How long do you need to visit?
The Shell Grotto is not a very large place and follows a very simple route underground. The serpentine tunnel is around 70 feet in length.
As well as the grotto itself, there is also a small museum explaining the shell grotto’s discovery and story and all the different theories about why the grotto exists.
You’ll also find lots of photos, art pieces, newspaper clippings, and artifacts on display.
I would personally leave around 45 minutes to 1 hour to enjoy your visit. This leaves some time to browse the gift shop as well.
Margate Shell Grotto gift shop
Before you leave the grotto, make sure to explore their fabulous gift shop! They have the largest collection of pretty shells that I’ve ever seen and they are all available to purchase.
They come in all shapes, colours, and sizes and you could honestly spend an age choosing between them as they are so shiny and beautiful.
You’ll find individual shells as well as shell jewelry boxes, ornaments, keyrings, and photo frames.
They also have a delightful range of handmade soaps, artwork, clothes, and locally made products to purchase.
If you just fancy a souvenir to remember your visit, they have vintage postcards and magnets near the ticket desk.
How to visit the Margate Shell Grotto
The Margate Shell Grotto lies underneath Grotto Hill in Margate. This is a seaside town located in the county of Kent in the South East of England.
Margate is easily accessible from Central London. Daily high-speed train services leave from St Pancras and can get you here in around 90 minutes.
The South East is easily accessible by bus. There are regular services from Canterbury, Broadstairs, and Ramsgate.
If you’re driving, Margate is a two-hour drive from London, a 40-minute drive from Dover, and a 30-minute drive from the city of Canterbury.
From the main Margate seafront, the Shell Grotto is a 10-15 minute walk on foot. Note that Grotto Hill is quite steep!
The Margate Shell Grotto address is Grotto Hill, Margate, Kent, CT9 2BU. Click here for a Google Pin
Margate Shell Grotto parking
There is no official parking for the Shell Grotto on your visit. But, there is plenty of off-road parking available on Dane Road and Wilderness Hill. Just be mindful of residents and parking times.
The nearest pay and display car park is Trinity Square or Market Street. This may be easier to park here if you’re visiting Margate for the day. Both are around a 10-minute walk away.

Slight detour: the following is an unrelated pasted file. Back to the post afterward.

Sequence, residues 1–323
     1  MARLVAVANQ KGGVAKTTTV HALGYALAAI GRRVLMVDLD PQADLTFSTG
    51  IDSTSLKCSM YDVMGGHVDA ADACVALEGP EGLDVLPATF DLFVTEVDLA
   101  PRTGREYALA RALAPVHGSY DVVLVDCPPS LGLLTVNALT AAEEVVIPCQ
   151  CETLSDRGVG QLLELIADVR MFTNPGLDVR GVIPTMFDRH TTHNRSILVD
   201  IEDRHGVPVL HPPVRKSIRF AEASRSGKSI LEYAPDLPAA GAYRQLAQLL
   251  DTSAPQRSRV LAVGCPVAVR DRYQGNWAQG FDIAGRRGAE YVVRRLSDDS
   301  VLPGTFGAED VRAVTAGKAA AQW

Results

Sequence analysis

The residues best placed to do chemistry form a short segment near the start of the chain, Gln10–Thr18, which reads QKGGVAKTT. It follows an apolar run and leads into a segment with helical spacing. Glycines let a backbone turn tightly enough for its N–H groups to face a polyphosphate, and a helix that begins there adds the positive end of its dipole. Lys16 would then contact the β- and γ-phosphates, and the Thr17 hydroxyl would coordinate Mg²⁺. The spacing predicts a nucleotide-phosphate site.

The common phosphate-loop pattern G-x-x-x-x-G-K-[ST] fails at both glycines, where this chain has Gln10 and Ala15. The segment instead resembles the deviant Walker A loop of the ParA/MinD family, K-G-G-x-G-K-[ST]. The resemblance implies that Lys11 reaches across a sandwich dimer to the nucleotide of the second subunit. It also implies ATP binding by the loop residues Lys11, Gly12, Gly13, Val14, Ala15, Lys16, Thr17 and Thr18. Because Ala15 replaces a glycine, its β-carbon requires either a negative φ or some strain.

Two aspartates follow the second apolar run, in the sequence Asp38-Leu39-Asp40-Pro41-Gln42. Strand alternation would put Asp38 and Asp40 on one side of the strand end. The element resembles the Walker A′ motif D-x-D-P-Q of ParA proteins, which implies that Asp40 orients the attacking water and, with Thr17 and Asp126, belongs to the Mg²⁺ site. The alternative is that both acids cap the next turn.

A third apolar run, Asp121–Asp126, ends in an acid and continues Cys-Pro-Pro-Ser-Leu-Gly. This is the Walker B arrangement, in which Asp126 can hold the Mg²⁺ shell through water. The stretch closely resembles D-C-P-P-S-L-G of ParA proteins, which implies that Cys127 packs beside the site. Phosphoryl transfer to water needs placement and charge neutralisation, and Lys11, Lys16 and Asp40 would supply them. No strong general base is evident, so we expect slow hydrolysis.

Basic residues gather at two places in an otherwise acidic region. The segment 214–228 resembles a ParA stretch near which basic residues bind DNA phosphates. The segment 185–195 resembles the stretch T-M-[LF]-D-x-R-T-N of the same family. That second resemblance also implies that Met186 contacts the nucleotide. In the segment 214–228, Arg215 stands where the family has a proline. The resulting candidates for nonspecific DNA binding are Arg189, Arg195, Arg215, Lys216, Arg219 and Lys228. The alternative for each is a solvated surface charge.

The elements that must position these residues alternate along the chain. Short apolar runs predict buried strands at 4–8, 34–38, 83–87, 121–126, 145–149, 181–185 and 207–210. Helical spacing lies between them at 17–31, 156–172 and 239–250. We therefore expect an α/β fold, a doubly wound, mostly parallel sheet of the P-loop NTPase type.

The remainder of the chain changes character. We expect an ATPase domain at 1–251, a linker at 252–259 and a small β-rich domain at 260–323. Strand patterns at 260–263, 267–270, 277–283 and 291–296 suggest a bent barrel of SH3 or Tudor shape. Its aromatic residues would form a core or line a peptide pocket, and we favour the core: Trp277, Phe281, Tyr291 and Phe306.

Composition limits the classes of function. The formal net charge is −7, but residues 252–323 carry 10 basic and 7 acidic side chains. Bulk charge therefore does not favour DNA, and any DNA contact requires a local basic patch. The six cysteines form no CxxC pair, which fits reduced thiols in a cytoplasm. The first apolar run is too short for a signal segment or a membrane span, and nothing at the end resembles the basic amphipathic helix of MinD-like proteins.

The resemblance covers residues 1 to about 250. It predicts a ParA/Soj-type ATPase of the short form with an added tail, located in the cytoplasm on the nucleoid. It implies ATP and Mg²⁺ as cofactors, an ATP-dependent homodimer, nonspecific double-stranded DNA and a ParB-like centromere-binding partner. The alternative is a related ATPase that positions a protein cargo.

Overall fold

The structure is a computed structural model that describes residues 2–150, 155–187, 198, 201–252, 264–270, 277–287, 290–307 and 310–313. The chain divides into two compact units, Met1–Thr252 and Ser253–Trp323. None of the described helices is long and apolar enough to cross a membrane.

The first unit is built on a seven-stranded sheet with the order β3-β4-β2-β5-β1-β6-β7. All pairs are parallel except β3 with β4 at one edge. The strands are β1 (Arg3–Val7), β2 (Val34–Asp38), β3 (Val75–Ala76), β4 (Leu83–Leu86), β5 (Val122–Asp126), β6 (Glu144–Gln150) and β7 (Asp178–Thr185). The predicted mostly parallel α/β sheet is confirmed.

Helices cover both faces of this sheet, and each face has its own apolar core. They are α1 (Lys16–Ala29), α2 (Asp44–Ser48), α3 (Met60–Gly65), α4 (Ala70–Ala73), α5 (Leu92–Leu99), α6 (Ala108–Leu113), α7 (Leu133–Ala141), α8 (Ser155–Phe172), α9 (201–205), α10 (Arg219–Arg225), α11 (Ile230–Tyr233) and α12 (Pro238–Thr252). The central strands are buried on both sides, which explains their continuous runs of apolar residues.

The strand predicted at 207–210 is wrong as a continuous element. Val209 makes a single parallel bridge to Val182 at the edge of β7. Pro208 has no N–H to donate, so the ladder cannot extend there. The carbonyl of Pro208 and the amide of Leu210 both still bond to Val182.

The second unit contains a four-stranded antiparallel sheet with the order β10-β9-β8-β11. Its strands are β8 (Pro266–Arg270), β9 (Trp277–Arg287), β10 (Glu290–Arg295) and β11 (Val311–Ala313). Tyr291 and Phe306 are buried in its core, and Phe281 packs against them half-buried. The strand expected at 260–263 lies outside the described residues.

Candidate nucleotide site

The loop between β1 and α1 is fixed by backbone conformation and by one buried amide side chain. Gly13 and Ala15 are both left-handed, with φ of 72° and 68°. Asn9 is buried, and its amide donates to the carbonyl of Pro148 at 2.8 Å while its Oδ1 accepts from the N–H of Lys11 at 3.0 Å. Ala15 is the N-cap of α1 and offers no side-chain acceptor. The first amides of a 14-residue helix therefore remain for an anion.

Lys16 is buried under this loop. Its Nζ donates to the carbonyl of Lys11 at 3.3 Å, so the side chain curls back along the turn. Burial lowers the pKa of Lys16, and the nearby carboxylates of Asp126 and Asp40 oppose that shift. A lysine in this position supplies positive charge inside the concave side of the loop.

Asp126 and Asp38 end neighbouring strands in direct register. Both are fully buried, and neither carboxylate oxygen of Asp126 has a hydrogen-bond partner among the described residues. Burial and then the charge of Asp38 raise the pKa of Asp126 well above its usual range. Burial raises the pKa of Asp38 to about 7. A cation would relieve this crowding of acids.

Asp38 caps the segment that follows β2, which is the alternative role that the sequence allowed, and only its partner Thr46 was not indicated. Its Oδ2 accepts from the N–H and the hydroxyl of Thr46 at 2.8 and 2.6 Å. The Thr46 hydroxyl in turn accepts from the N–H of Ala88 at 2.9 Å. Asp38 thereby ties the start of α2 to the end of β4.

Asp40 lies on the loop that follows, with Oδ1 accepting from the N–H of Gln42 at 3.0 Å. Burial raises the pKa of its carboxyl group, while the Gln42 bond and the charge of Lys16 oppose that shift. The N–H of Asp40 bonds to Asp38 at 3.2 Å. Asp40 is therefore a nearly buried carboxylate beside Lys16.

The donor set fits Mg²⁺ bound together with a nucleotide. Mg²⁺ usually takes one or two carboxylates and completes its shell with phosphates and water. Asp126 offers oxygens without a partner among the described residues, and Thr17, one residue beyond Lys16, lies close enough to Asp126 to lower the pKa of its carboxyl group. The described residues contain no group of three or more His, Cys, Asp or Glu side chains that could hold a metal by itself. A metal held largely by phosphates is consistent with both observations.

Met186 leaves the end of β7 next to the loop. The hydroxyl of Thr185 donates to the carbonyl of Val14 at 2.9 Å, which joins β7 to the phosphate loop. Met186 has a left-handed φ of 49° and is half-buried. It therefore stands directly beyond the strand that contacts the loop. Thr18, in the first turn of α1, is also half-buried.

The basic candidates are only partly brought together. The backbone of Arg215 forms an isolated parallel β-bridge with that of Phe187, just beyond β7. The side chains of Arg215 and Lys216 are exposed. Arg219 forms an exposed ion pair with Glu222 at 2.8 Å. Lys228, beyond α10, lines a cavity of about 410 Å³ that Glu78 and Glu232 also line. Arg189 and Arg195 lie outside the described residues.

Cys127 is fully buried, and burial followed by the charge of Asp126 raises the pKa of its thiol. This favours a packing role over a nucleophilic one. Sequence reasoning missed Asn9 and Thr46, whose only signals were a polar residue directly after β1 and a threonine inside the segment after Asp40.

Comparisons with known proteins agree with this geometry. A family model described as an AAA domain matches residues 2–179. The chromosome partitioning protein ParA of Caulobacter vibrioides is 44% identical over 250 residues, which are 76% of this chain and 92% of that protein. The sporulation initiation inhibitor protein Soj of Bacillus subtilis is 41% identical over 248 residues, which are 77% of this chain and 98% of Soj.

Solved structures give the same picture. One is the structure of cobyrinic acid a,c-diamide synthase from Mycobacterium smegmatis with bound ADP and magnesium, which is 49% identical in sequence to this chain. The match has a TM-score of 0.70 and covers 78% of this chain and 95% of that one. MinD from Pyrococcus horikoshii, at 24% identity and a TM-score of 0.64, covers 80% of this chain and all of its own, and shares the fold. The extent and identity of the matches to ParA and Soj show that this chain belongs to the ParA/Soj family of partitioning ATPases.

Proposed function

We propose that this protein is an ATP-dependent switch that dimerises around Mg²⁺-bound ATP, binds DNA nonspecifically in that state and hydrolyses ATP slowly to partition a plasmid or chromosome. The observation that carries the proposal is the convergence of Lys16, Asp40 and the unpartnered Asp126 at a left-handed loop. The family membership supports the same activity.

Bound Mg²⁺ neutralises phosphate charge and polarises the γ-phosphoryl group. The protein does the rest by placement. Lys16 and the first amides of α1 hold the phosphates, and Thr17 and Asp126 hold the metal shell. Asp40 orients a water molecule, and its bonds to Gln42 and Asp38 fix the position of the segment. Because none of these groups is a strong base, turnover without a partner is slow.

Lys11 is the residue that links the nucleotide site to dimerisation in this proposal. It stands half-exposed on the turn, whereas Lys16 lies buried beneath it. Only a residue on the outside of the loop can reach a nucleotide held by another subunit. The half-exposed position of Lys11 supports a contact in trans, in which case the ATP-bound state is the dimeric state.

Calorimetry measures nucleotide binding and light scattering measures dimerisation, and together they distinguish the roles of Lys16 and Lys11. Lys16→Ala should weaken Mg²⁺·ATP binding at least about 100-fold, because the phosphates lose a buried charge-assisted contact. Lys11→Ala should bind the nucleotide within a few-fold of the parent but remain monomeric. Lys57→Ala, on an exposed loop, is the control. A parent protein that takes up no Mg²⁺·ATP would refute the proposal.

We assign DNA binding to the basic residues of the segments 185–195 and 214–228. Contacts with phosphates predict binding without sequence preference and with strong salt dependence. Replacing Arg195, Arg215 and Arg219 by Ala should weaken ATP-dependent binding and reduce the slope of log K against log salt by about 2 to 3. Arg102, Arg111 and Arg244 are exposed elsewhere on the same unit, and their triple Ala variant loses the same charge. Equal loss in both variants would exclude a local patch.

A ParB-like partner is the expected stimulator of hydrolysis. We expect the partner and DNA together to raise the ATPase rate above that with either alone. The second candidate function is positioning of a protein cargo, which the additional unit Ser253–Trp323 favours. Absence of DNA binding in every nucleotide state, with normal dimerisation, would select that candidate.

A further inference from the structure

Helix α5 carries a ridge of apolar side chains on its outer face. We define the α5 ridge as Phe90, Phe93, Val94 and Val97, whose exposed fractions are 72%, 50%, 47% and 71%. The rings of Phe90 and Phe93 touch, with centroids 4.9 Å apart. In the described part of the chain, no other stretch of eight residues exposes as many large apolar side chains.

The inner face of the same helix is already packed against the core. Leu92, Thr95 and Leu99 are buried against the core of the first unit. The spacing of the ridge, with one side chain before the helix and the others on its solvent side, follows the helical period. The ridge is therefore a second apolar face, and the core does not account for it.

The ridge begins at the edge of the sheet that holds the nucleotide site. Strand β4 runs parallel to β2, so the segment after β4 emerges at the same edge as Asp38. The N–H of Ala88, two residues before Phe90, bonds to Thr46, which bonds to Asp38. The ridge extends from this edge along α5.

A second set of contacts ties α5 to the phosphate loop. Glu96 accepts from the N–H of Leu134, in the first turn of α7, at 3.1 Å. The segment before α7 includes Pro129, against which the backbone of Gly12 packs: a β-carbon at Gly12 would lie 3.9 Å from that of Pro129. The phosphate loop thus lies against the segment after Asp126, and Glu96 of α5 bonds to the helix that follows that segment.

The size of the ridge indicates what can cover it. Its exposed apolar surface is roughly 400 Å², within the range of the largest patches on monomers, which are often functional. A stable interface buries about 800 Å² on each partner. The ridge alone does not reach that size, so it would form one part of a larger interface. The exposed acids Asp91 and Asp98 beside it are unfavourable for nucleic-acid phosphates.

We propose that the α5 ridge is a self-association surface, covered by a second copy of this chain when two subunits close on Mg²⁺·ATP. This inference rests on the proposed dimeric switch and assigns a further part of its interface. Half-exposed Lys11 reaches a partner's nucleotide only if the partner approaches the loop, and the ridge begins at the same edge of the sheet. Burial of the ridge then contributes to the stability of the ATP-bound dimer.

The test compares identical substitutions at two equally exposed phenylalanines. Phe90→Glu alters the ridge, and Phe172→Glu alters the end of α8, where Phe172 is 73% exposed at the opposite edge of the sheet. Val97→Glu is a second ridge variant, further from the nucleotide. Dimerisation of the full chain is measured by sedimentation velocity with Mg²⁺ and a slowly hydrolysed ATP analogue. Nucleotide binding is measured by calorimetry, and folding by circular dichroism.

Margate Shell Grotto opening times and ticket prices
The Shell Grotto is only open Wednesdays to Sundays from 10 am to 5 pm. But, this switches to daily opening hours when there is a half-term or summer holiday.
Ticket prices are £4.50 for an adult and £2 for a child. Family tickets are available at £10 as well as concession discounts at £4 a ticket.
It is recommended to pre-book tickets during busy periods to guarantee entry. Click here to look at the latest opening times and prices!
Looking for more things to do in Kent?
Kent is a beautiful part of England to spend a few days in and there are plenty more beaches to find in this area.
There is Broadstairs and Ramsgate that you can walk to via the England Coast path on the Viking Coast.
This peninsula on the far east Kent coast is called the Isle of Thanet as years ago it used to be separated from the mainland by the Wanstum Channel!
Or, you can head to Whitstable which is home to their famous oyster shops and festival.
The cathedral city of Canterbury is a must-visit in Kent and you can explore their historic quarter as well as punting on the River Stour.
If you wanted to see the famous White Cliffs, then you must visit Dover. Here, you can see one of the largest defense fortresses in Britain with secret wartime tunnels to explore.
Or, why not hop on a ferry and sail over the English Channel to France for the day?!
Read my South East England travel guides
Butchery Lane Canterbury Guide
How to spend the perfect day in Brighton
How to visit Ouse Valley Viaduct
Mermaid Street Rye guide